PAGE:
"At once poignant, funny, and wise, this book gives new meaning to the phrase, 'The best journeys never end.'"
When his mother decides on a whim to be a missionary in Africa and drags his
unwilling father with her, Henry is left in the care of his Aunts Magnolia and
Pigg. Henry's sure they dislike him and he's trying to keep his distance,
but that becomes more difficult when Mag decides they should take a
destination-less road trip. Mag, convalescing from an illness that makes her
look like death, is downright crabby. Pigg, tense from driving, is becoming more
assertive and less willing to submit to Mag's whims. And while they poke each
other literally Henry is finding it hard to keep his resolution.
They go to Virginia Beach (it's too hot); try camping in the Everglades (Henry accidentally spends four days floating in a swamp); visit their daddy, Henry's granddaddy (Henry's never met him!); and lose Pigg to love in Oklahoma (what would the radio psychologist Daly Kramer say?) before they finally receive word that Henry's parents are coming back and will meet them in Tulsa to finish the trip with Mag and Henry. But his parents are bickering and Henry is in despair until he surrenders to the road and decides to let whatever happens happen, but to be there in it all.
Complete with her signature cast of eccentric characters, absurd situations, and heartfelt moments, Polly Horvath writes an on-the-road epic like no other!
Aunt Magnolia's Idea
Fortunately, as the days went on,
platelet test showed that she was on the rebound and her
body had stopped all its indiscriminate destruction. We
began to find her lying on the couch with a steely look of
speculation in her eye. I, for one, did not like it and I
could tell it was making Aunt Pigg nervous. It shifted the
dynamics in the house. Instead of Aunt Pigg and Aunt
Magnolia wary of me, suddenly it was me and Aunt Pigg
wary of Aunt Magnolia. Aunt Pigg began to come up to
me when I got home from school and say things conspiratorially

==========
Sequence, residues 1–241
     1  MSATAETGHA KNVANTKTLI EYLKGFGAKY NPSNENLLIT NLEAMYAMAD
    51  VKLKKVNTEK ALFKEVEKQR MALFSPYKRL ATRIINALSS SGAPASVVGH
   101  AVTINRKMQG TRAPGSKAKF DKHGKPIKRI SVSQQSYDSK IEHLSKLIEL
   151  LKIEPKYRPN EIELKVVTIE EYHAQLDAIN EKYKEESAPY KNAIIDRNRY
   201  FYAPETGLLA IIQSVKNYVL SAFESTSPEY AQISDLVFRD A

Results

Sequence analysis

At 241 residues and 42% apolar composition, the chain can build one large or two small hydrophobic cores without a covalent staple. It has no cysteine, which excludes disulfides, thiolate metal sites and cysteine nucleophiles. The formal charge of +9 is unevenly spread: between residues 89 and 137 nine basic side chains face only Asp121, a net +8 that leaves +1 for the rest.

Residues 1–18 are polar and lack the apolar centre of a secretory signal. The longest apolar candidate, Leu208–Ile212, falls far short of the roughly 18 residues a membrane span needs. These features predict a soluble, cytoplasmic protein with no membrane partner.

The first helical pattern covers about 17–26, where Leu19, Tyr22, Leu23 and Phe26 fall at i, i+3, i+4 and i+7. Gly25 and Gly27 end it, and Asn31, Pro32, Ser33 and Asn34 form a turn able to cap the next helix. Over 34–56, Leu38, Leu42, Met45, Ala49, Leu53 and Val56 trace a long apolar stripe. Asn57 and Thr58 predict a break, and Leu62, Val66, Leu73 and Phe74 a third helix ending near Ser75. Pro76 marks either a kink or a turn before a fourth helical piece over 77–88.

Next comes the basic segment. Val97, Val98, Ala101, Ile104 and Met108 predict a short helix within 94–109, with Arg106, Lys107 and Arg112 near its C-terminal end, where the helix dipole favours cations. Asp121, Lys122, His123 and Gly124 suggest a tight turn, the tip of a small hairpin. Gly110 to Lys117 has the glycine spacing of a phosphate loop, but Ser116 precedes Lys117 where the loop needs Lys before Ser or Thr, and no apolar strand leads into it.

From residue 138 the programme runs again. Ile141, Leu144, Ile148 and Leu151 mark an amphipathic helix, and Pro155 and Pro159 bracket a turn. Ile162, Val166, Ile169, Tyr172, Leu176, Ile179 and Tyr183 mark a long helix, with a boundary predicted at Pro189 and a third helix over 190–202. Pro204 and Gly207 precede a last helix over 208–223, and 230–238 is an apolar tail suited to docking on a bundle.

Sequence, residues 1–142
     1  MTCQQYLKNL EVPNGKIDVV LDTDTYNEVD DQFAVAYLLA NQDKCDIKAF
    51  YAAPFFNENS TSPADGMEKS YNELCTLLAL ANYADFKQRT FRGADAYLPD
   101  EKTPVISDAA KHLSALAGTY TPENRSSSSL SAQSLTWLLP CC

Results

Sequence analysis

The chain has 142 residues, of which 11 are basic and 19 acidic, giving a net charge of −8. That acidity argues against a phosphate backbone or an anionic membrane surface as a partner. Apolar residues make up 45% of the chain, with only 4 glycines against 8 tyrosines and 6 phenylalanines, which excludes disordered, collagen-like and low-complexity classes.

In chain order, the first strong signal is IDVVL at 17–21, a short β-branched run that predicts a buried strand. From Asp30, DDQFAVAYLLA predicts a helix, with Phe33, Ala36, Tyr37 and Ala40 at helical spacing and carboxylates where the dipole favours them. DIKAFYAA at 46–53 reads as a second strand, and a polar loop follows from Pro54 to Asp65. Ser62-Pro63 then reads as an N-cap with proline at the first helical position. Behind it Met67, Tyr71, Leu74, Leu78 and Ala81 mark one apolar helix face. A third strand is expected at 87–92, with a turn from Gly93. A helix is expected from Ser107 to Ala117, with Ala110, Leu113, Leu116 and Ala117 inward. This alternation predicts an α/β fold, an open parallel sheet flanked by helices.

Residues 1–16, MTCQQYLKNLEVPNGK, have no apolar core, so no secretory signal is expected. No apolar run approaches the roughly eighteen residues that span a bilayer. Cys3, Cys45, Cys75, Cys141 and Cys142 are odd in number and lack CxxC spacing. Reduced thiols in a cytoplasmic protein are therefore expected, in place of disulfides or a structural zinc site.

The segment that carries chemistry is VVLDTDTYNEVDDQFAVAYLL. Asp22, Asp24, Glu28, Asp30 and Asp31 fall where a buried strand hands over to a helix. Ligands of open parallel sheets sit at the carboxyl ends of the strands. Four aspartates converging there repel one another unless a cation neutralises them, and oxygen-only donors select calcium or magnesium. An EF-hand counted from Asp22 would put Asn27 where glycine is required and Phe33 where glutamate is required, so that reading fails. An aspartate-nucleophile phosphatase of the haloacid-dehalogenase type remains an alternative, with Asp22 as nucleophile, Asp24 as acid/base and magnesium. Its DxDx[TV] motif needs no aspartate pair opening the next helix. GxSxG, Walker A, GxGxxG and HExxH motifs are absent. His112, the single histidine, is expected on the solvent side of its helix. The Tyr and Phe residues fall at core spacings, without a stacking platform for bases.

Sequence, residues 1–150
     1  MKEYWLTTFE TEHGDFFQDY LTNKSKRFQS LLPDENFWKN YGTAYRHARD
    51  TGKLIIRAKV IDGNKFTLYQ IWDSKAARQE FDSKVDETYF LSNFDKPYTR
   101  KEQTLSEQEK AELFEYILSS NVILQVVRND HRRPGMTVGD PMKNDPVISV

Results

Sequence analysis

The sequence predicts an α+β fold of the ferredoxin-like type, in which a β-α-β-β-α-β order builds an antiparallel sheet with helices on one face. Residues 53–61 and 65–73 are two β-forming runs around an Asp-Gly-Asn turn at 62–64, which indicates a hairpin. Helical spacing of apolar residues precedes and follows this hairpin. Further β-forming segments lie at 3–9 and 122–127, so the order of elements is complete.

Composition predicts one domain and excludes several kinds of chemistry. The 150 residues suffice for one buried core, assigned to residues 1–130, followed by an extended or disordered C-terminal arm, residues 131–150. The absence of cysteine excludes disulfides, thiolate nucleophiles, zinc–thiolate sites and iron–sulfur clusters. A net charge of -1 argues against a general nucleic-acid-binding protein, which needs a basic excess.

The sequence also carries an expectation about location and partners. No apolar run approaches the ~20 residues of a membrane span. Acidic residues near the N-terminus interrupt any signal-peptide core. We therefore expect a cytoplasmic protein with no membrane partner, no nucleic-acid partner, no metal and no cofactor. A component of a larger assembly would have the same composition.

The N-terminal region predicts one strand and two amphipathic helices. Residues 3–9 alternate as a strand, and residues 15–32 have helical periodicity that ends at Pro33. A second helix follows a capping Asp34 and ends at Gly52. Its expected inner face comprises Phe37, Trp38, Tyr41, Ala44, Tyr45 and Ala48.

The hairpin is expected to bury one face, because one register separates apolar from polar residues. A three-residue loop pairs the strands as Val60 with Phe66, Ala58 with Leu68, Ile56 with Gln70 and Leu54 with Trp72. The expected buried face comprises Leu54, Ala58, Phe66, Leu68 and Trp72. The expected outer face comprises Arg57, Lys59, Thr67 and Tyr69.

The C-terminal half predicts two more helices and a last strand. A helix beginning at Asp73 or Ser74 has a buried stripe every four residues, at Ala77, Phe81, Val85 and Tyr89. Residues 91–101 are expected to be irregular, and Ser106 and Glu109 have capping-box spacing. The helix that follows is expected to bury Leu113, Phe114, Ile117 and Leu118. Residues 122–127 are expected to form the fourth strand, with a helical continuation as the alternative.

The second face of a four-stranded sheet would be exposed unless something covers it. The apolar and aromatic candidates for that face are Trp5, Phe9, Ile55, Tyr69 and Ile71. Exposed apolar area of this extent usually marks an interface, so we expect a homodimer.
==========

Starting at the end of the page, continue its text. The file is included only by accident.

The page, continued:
like, "She's doing it again. She's thinking.
is she thinking about?"
We could not tell what Aunt Magnolia was thinking about. Although she was weak, it was apparent that her strength was returning. Her bruises were disappearing. Her gums had stopped bleeding. But she had a frightening glint in her eye, as if some angry thought was energizing her and feeding ...
Polly Horvath has been writing books since she was eight. She grew up in Kalamazoo, Michigan. She went to college in Toronto and lived in New York and Montreal before settling on southern Vancouver Island, British Columbia, with her husband Arnie and her daughters, Emily and Rebecca. She has published many books for children which have been translated into many languages including, German, French, Thai, Japanese, Danish and Italian and she has won many awards including the National Book Award and the Newbery Honor.
If you liked The Vacation, try these:
Pepper's fourteenth birthday is a momentous one.
It's the day he's supposed to die.
Everyone seems resigned to iteven Pepper, although he would much prefer to live. But can you sidestep Fate? Jump sideways into a different life?
Deliciously nostalgic and quaintly witty, this is a story as breezy and carefree as a summer day. 2005 National Book Award Winner. Ages 8-12.
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No Man's Land
by Simon Tolkien
Inspired by the experiences of his grandfather, J. R. R. Tolkien, during World War I.
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